THE early novels of David Herbert Lawrence burst on the 20th century as suddenly, and explosively, as the first World War. Just as the cadence of Gerard Manley Hopkins and the free verse of Walt Whitman signaled a sea change for English verse, so did Lawrence revolutionize the way English literature described the relations between men and women. In literary circles, he achieved instant status as artistic genius and cultural prophet. But it is a daunting task to record the life of a genius and prophet, to distill his spirit in a single volume, all the while remaining faithful to the cardinal dictum of literary biography - connecting the life and times of the writer to the inspiration and works of the writer.
Jeffrey Meyers, the author of a well-received biography on Ernest Hemingway, is up to the task. He presents both new material about Lawrence's life, as well as a cogent summation of what we already know. His is the first biography of Lawrence in more than a decade. It is a scholarly, lucid, and comprehensive account of the writer whom E.M. Forster called, ``the greatest imaginative novelist of our generation.''
Throughout, Meyers balances the two traits most characteristic of Lawrence: passion and intellect. He chronicles Lawrence's many travels, global wanderings really, driven as much by insatiable curiosity as a search for a healthful climate. He reveals Lawrence's life as the source for some of the most original writing in the English language.
Born in 1885 to a Nottinghamshire miner, the fourth of five children, Lawrence was never healthy and ultimately succumbed to tuberculosis at age 44. He spent the first half of his life in the coal-mining village of Eastwood.
There was little likelihood he would follow his father into the pits. His mother, for whom he was the favorite, would hear of no such thing. The young boy did well at school and rose above his social class, completing a university degree, even teaching for awhile. He received critical attention for his first novel in 1911 and never worked for wages again.
Mercifully, Meyers does not bury the reader in domestic battles or psychoanalytic minutiae. A cottage industry in Lawrence scholarship, as overworked and exhausted as the mines Lawrence's father sweated in, exists in retelling the irreconcilable differences and violent clashes between his uneducated working-class father and educated middle-class mother.
Coverage of Lawrence's life in Eastwood is precise, compressed, focused on the essential formative experiences: the possessive nature of his mother, tensions arising from his native intelligence, his illnesses, and the limited expectations inculcated by his social class.
In 1912, Lawrence married a German woman six years his elder, Baroness Frieda von Richthofen Weekley, and the relative of the World War I German fighter-pilot ace, the Red Baron. She was also the wife of his favorite university teacher. The marriage marks the turning point in his life. His rather conventional existence turns, not just onto a path less traveled, but also to one unimagined by most men.
The detached elan with which Meyers analyzes and makes familiar the tempestuous, yet binding relationship between these two fiercely independent souls is one of the more engaging aspects of the book. Lawrence and Freida share expanding and contracting circles of friends. They wander from home to home and country to country in search of a suitable climate for Lawrence's physical, as well as emotional, wellbeing.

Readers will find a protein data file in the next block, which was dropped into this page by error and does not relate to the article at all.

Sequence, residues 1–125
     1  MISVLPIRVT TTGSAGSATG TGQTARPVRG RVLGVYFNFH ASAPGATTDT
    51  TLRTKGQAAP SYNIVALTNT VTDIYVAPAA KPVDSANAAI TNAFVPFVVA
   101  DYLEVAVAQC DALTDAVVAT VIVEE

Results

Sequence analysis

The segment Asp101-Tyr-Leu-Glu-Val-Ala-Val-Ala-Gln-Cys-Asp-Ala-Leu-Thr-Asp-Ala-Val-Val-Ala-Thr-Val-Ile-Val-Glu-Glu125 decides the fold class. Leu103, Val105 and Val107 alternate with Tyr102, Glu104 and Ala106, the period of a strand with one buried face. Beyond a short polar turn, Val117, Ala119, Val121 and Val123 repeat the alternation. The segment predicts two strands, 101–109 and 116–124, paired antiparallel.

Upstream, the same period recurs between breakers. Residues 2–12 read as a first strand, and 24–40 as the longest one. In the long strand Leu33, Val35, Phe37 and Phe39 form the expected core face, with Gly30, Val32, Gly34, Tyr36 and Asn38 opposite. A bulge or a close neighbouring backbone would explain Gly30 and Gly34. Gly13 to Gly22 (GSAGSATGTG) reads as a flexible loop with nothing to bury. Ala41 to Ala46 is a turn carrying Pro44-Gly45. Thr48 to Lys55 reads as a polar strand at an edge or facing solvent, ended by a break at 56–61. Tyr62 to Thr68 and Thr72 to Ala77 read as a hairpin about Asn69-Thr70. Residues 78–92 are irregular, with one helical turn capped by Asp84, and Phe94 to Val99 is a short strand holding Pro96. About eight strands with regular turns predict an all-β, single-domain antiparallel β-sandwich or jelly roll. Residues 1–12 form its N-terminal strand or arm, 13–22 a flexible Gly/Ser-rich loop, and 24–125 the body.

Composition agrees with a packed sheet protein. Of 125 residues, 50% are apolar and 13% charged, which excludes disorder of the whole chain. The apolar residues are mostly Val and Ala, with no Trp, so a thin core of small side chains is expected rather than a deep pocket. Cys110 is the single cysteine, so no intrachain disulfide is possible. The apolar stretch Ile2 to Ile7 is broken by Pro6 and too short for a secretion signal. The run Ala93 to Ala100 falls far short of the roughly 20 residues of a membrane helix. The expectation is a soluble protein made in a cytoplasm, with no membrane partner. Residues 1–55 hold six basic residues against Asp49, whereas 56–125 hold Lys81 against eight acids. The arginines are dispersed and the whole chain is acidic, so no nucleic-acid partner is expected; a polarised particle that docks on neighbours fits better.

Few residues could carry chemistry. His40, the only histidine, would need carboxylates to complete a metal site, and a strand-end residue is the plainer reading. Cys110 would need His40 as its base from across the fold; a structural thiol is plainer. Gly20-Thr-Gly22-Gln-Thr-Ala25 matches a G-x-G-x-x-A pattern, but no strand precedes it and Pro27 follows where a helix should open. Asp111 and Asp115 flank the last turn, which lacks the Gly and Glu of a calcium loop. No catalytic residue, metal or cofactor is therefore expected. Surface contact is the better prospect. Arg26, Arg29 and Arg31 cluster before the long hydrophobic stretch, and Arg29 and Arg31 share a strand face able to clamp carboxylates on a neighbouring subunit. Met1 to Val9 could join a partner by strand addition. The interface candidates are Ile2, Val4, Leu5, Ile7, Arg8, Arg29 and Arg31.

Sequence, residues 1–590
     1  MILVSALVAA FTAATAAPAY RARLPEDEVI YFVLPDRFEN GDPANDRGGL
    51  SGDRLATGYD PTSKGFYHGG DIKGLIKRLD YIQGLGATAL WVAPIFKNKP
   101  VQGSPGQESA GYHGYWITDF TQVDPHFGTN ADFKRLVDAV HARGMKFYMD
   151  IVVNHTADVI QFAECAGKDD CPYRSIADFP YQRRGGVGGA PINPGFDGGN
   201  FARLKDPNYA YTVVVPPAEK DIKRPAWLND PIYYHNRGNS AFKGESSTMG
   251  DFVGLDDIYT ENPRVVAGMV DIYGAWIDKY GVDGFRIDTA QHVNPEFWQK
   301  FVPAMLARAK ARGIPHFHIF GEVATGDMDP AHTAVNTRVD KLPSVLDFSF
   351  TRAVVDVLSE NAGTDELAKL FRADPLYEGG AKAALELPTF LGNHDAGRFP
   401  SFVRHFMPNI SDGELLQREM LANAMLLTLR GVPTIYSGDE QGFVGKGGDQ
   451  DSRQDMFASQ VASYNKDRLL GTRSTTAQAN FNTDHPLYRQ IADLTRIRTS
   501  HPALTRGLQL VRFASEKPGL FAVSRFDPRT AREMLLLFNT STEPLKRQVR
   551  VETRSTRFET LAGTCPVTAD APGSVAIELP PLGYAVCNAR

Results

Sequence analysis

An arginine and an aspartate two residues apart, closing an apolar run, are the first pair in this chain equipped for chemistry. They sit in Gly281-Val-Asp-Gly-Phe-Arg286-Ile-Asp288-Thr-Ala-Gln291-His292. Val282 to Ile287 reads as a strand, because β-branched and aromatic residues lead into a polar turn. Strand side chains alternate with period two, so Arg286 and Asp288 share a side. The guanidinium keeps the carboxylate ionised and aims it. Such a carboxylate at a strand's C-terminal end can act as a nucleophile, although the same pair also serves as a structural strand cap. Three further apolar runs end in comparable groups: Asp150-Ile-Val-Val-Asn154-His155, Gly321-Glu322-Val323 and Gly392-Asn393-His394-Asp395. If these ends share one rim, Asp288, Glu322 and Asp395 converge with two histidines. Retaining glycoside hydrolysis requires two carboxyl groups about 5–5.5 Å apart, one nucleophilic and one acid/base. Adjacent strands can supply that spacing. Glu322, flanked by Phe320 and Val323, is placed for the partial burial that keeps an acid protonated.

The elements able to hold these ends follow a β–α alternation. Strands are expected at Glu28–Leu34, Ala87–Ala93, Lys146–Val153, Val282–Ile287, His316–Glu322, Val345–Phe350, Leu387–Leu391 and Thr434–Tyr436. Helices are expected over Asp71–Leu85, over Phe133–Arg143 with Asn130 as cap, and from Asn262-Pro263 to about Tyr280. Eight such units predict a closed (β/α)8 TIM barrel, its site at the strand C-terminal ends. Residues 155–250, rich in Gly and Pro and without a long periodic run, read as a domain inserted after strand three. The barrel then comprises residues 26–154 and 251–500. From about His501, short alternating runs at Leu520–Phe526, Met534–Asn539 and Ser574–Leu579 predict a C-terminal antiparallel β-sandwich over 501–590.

However eloquent Lawrence is on the topic of love, however mystical he might appear in discussing sex, by sketching Freida's numerous marital infidelities, Meyers gives us Lawrence rooted in the human clay of marriage.
Meyers finds the homosexual smoking-gun that has both intrigued and bedeviled Lawrence scholars. He documents in letters and interviews Lawrence's brief homosexual affair with a man from Cornwall. To his credit, Meyers makes no more nor less of the incident than it warrants. He sets forth the literary trail of Lawrence's attraction to, and repugnance with, homosexuality.
With Lawrence, there is always need for demythologizing. Meyers routinely rends the prophetic veil bedecking the author of the major novels - ``Sons and Lovers,'' ``The Rainbow,'' and ``Women in Love.'' He presents a man who could joyously lose himself in scrubbing floors or washing dishes, one who soared into metaphysical speculations after shooting a porcupine, made outlandish racial generalizations, even designed a utopian educational system.
A passing account of Georgia O'Keeffe's first impression of Freida (they met in New Mexico some four years after Lawrence had died) is typical of how Meyers shows us Lawrence through the eyes of others, planting both his feet on mortal ground: ```I can remember clearly the first time I ever saw her, standing in a doorway, with her hair all frizzed out, wearing a cheap red calico dress that looked as though she had just wiped out the frying pan with it. She was not thin, not young, but there was something radiant and wonderful about her.'''
The book bristles with conflict: Lawrence and his mother, his father, his wife, Freida, friends, literary elites, publishers, and British and American civil authorities.
Lawrence called the novel the purest, truest form of expression. One could not lie about life in its pages without being discovered. He chose the Phoenix as a symbol to describe himself. It is not flattery to say of this biography what Katherine Mansfield said about Lawrence himself: ``It seems to me whatever he writes, no matter how much one may `disagree,' is important. And after all even what one objects to is a sign of life in him. He is a living man.'' Meyers gives us the ``living man,'' the author of great and original literature.